Washington grew hundreds of crops, many of which were imported from Europe. (And yes, he did grow hemp, but not very much and not for very long.) But for his main cash crop, he chose wheat. But he didn't stop fulfilling the market need with the growing of this wheat. He became a manufacturer of two products that contained his crop: flour and distilled whiskey.
Recently replicated on their original foundations at Mount Vernon, Washington's gristmill and distillery are architectural wonders that anticipated modern factories. The flour mill is three levels high with two sets of mill stones, including French buhr stones that were used to make the finest quality of flour. The mill produced about 278,000 pounds of flower per year, branded with the Washington name, sold throughout the colonies and exported to England and as far away as Portugal. The flour bore the identification of George Washington, in effect making it similar to a modern branded food product.
Statue in the George Washington Museum in the George Washington Masonic National Memorial, Alexandria Virginia. Photo by Ben Schumin on March 8, 2003.
Washington also "farmed" the banks of the Potomac for shad, herring and other fish. His fishery consisted of rowboats and large nets, and in a six-week fishing season each spring, Washington's men netted about 1.5 million fish, according to the Reynolds museum at Mount Vernon. And the inedible portions of the fish were used as fertilizer for crops such as wheat.
But it is the distillery may offer the most fascinating example of Washington's entrepreneurial prowess. After retiring from the presidency and returning to Mount Vernon -- setting a precedent for voluntarily relinquishing power -- Washington built a distillery in 1797 on the advice of his plantation manager James Anderson, a native of Scotland who knew a thing or two about distilled spirits. The whiskey was made largely from crops grown at Mount Vernon. As one Virginia magazine describes it, "rye, malted barley and corn were mixed with boiling water to make a mash in 120 gallon barrels."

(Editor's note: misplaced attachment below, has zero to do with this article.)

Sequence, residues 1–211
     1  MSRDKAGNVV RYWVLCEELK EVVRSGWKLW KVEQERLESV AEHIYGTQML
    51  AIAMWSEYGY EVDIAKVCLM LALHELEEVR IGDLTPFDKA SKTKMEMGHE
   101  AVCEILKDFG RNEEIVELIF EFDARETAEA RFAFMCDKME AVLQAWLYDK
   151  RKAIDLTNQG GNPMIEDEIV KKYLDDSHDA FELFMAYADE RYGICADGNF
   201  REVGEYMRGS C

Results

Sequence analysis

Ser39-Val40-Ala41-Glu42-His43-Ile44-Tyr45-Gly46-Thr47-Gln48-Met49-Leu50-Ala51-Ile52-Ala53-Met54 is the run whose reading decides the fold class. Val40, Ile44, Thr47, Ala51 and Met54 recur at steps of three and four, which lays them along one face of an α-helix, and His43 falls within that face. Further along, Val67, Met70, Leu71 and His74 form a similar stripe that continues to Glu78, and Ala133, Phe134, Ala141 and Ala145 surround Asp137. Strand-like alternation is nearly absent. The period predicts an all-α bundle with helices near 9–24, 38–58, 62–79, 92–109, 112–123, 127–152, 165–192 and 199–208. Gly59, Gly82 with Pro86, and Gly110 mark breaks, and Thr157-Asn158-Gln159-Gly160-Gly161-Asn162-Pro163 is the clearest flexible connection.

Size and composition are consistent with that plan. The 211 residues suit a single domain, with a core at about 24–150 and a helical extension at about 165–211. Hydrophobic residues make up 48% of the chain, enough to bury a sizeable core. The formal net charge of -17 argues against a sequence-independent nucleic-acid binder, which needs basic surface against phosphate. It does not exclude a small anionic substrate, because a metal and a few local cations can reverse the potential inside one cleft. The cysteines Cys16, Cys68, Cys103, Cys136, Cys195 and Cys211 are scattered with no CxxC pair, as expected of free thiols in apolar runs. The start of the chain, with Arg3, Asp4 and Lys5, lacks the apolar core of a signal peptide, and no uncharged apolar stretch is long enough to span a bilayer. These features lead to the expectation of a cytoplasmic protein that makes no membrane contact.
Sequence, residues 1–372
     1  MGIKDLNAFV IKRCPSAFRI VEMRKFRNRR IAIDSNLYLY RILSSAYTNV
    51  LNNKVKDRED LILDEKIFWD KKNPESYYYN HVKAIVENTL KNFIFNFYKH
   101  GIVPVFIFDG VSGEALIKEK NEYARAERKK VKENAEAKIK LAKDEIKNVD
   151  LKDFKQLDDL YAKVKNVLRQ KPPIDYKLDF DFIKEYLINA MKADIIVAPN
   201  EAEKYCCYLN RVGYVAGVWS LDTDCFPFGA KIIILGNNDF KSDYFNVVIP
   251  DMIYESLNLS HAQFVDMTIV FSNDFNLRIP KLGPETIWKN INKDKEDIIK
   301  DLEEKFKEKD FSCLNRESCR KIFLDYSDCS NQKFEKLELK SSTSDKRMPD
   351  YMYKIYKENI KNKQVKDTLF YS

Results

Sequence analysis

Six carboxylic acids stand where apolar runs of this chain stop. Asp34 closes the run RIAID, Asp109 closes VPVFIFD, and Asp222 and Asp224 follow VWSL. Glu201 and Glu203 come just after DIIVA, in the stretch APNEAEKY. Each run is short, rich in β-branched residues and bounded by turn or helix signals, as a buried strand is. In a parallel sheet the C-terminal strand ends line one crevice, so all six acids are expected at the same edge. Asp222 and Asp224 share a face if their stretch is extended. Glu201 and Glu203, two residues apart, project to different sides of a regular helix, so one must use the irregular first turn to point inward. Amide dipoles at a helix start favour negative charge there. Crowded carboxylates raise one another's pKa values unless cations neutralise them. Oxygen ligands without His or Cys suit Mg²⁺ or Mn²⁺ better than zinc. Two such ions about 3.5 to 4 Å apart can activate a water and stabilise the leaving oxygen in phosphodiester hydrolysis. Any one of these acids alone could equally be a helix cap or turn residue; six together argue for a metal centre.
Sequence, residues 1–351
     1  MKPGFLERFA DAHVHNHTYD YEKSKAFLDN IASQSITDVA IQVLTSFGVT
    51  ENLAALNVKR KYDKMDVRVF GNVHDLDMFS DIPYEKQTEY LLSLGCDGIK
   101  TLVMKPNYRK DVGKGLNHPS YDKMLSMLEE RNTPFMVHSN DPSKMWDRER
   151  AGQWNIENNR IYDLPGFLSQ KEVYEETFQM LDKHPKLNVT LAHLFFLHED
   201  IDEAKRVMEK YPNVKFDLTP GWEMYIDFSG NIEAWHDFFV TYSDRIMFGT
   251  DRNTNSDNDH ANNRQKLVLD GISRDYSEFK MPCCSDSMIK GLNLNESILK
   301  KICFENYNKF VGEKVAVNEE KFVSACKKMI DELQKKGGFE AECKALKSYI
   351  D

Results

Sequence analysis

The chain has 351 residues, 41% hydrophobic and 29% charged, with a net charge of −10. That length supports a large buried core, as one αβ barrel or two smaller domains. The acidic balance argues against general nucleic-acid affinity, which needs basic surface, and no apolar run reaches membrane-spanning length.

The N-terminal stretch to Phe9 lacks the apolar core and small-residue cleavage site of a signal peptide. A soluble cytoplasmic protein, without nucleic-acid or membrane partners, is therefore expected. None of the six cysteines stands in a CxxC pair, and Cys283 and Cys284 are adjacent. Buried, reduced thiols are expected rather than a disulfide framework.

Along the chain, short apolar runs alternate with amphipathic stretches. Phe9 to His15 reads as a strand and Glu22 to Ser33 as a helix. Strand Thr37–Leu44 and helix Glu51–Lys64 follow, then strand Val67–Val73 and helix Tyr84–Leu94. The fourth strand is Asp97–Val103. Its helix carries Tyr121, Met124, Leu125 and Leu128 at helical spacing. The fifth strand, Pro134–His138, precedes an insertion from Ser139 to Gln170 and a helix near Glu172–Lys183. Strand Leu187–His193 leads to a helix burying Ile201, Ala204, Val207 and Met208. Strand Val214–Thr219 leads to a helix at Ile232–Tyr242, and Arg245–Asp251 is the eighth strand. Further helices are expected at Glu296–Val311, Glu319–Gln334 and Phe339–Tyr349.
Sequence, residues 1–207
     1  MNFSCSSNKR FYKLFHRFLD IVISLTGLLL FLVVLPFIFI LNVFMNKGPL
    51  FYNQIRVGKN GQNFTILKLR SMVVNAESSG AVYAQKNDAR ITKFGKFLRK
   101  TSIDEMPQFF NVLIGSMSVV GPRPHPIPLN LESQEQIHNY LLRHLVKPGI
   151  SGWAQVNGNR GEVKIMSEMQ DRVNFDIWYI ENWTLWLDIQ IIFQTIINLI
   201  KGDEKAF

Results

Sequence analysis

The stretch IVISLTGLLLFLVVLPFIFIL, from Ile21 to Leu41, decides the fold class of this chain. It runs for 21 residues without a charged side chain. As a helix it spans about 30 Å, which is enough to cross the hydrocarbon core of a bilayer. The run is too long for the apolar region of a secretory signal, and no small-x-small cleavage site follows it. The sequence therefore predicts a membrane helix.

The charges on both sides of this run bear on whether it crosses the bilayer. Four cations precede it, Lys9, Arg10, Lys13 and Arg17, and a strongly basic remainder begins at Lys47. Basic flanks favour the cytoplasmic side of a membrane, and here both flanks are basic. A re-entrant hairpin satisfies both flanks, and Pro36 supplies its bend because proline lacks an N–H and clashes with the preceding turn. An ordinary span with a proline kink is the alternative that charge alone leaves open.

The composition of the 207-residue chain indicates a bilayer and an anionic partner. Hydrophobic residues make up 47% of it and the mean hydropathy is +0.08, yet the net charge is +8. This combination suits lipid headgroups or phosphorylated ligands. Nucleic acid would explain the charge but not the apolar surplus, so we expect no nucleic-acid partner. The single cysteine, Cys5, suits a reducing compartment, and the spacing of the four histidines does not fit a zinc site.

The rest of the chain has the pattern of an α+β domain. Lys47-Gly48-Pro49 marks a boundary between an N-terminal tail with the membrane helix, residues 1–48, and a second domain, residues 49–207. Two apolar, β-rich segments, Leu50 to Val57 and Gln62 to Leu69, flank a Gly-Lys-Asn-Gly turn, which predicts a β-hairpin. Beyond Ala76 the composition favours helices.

This process is now reenacted at Mount Vernon at the distillery that was reopened in 2007, thanks to a grant from the Distilled Spirits Council of the United States. A few times a year, Washington's whiskey -- using one of the old recipes -- is even sold to Mount Vernon visitors.
Washington's lifelong entrepreneurship sheds new light on his fight for liberty, and his motivation to develop a constitutional structure in which all were free to develop their many talents. Like that of other Founding Fathers, Washington's career was stained by the evils of slavery, and this extended to his business enterprises, most of which made use of the labor of the slaves at Mount Vernon. But his correspondence shows that Washington realized this contradiction more than most of the Founding Fathers, and he worked tirelessly the last few years of his life to free all of his slaves upon his and Martha's death and also make provisions for their education and for the support of the former slave children and elderly.
So this month, if you can't make it to the celebrations at Mount Vernon, you just may want to toast George Washington -- the politician and entrepreneur -- with a plate of herring washed down with a glass of whiskey.
John Berlau is director of the Center for Investors and Entrepreneurs at the Competitive Enterprise Institute and blogs at OpenMarket.org.